Today I’m sharing a guest post from Charlotte Barnes, author of the new book Turning Little Hearts: Over 90 Activities tot Connect Children with their Ancestors. Charlotte is sharing a fun idea for teaching children about the character traits of ancestors by creating a man out of a paper bag! This easy activity takes minimal time to set up and provides an opportunity to learn about ancestors in an engaging way. To watch a video of Charlotte’s family doing this activity, click here.
Share Ancestor Character Traits with Kids: A Simple Activity
by Charlotte Barnes
In a rare, quiet moment last Sunday, when my six little kids were off either wrestling or dressing-up, I took an ancestor’s biography off the shelf to see if I could find any neat stories for my next family history activity. I was blown away when I began reading about this ancestor, about whom I had previously known nothing. He was too amazing to highlight in just one, simple activity! I wanted to share all the neat things he had done, but if I just plopped my kids down and made them listen to a list of facts, I knew I’d lose them quickly.
How could I make learning about him more fun and engaging? My craft supply drawer is pretty pathetic, but I always have a few grocery paper bags on hand. My son drew a large cartoon man on an opened bag and cut it out, then further cut it into several pieces. I wrote various facts about him and accomplishments of his on all the body parts. Then, I prepared a bunch of masking tape rolls on the hearth and gathered the kids around. One-by-one, they came up, chose an over-turned body part, turned it over and read the fact on it, and taped it in its proper place on the wall.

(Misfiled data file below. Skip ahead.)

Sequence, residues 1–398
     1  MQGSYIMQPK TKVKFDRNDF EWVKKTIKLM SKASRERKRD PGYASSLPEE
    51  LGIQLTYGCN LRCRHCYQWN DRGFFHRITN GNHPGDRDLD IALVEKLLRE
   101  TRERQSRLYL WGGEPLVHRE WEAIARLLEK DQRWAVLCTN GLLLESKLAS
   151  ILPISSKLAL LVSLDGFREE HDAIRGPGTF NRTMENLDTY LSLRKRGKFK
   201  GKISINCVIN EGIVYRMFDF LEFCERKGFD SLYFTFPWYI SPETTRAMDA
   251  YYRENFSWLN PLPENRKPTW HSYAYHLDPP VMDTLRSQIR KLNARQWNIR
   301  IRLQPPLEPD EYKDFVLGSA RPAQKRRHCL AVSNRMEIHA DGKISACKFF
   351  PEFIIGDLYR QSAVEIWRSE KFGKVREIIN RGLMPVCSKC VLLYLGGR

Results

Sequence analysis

It was a hit! It was engaging, because all the kids got turns choosing a piece and teaching all of us about the ancestor. It was informative, because I took a minute between each turn to further explain the fact. And it was fun, because everyone laughed as they tried to figure out where the pieces fit in the “body puzzle” on the wall. And afterwards, the kids giggled even more as they mixed up all the parts into a Picasso-esque piece of art.
2) For older children, you can hand out individual paragraphs you prepared ahead of time with each fact explained on it. The child can read it, summarize it, and write it on the body part themselves. When it’s time to assemble to body parts on the wall together, each child can share what they wrote and as they put the piece in its proper place.
Find more fun and meaningful family history activities for kids in our book, Turning Little Hearts – Over 90 Activities to Connect Children with Their Ancestors, available at Cedar Fort Publishing as a paperback or a digital download. Also available on Amazon. Visit www.turninglittlehearts.com